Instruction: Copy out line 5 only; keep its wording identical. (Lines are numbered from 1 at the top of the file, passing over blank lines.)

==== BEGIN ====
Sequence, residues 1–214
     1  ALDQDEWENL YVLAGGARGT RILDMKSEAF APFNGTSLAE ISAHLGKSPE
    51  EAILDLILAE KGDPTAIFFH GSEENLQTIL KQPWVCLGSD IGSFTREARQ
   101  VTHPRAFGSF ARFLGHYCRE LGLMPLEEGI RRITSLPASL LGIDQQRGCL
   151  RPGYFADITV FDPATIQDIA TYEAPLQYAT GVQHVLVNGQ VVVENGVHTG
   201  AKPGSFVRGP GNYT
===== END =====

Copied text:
   151  RPGYFADITV FDPATIQDIA TYEAPLQYAT GVQHVLVNGQ VVVENGVHTG